The gathering was scheduled for 11 a.m., 11 minutes after the beginning of fall. The sky had been threatening a downpour, but almost on the dot of 11, the clouds disappeared and the sun shone brightly the rest of the day.
|Tour of Stanton Drain|
|"Blue Jay" by Barry Kent MacKay|
And so we set off to tour the area led by local environmentalist and activist, Anna Maria Valastro. With her was Barry Kent MacKay, a Toronto resident, writer and wildlife artist, who also serves as the Canadian representative on Born Free USA, a non-profit organization dedicated to animal wildlife protection.
Valastro was clear about her objective; she wants to stop the bulldozers that the city has scheduled to move in next month to create a stormwater management pond, SWM 4 in a series of 6 interconnected ponds to deal with the impacts of the headlong development talking place in the northwest part of the city.
According to the city, landowners in the area have been complaining that they have problems with flooding and are having difficulty getting insurance. Valastro thinks this is hogwash; it’s just to facilitate further development without consideration for ecological sustainability.
“People love their natural spaces,” she pointed out. “It’s what makes the city special. But, she noted, in this city developers carry a lot of weight. “A handful of developers are playing council like fiddles.”
She went on to point out that the so-called channel—which is to be deepened and cement-lined to increase flow capacity—is part of a natural tributary system which empties into the Thames River, recently declared to be a heritage river. “Council has no idea about the impacts,” she said. “They have no data; they don’t know and they don’t care.”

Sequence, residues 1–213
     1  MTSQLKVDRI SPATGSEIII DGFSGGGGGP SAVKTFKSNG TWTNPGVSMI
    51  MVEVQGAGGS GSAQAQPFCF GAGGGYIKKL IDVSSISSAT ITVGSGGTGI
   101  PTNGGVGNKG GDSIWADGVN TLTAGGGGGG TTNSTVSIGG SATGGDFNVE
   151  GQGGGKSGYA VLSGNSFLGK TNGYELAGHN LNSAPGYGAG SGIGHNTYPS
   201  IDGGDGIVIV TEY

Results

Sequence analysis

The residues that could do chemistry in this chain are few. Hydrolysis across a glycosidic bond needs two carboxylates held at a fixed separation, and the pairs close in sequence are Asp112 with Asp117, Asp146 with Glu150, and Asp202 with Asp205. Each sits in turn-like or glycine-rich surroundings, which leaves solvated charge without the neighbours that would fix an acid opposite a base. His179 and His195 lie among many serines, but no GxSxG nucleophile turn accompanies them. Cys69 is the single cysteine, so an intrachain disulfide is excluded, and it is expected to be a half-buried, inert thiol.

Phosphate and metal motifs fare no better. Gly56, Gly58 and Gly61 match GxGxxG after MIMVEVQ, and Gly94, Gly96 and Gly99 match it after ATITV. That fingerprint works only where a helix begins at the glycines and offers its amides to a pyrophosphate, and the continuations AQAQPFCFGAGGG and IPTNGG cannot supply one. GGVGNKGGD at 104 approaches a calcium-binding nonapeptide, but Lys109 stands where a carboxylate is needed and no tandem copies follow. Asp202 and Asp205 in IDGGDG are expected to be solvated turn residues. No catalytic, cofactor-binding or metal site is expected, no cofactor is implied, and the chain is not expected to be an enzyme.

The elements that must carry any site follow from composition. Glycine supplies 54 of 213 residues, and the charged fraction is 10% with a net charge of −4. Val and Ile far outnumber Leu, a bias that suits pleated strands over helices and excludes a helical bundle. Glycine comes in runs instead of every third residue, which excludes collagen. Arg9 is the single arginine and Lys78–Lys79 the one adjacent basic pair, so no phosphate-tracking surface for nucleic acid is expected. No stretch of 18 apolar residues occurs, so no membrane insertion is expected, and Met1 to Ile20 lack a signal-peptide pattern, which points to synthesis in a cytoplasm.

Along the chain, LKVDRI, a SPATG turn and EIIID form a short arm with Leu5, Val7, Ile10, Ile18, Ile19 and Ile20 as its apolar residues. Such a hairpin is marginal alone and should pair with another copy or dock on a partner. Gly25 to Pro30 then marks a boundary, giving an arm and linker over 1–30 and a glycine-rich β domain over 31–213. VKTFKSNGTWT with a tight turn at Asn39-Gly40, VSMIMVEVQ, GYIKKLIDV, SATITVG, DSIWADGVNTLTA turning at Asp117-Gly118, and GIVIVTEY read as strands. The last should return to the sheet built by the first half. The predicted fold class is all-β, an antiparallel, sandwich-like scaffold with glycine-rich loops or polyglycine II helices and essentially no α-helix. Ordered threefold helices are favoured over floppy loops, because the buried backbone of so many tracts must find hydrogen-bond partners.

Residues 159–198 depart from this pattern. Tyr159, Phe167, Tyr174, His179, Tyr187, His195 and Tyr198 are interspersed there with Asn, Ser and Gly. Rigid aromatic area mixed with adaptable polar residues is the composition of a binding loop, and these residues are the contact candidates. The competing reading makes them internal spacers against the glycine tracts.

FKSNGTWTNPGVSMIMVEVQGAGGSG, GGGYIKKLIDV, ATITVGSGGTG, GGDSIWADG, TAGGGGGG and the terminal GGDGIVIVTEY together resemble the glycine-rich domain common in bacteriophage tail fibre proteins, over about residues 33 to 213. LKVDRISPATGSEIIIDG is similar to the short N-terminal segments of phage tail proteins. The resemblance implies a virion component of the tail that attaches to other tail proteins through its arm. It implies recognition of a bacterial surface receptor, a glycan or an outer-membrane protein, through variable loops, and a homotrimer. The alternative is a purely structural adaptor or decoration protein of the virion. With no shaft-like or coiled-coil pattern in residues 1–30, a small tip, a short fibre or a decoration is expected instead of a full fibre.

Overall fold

“The city has framed this as a beaver issue,” she continued, “but that’s not true.” It was the disregard for all the species, animal and vegetative, that called this home, that would die as a result of putting infrastructure in the environmentally sensitive area.
And the idea that the beavers could be relocated was also a fiction. By now the beavers had been busy storing food; it would be too late to start over. They would die of starvation.
Relocation is not as easy as it would seem. According to the Ministry of Natural Resources, relocation of wildlife has to be done within a 1 km radius; anything greater than that, and the animal is likely doomed as it enters the territory of its rivals. But the local landholders refuse to accept the beavers, so where are they to go? That’s the conundrum facing city stormwater engineer Berta Kritchker. She is determined to find a humane evacuation of the beavers whose habitat will be destroyed by the city’s bulldozers. It is doubtful if one exists.
The alternative is to send in the trappers who will “euthanize” them. That’s a euphemism for “kill”.
Most of us on the walk were hoping to see the beaver dam and perhaps a beaver at work. It was not difficult to find the former, only a couple of hundred meters or so from the entrance.
|Beaver Dam in Stanton Drain|
Apparently the beavers weren’t the only ones building dams in the ditch; there was evidence of a cement barrier the full width of the stream. In true resourceful fashion, the beavers had incorporated it into their dam. Call it redevelopment.
A neighbouring landowner noted how the beavers had caused a lot of problems in the area. “Not as much as people,” one of the hikers rejoined. A minor altercation ensued.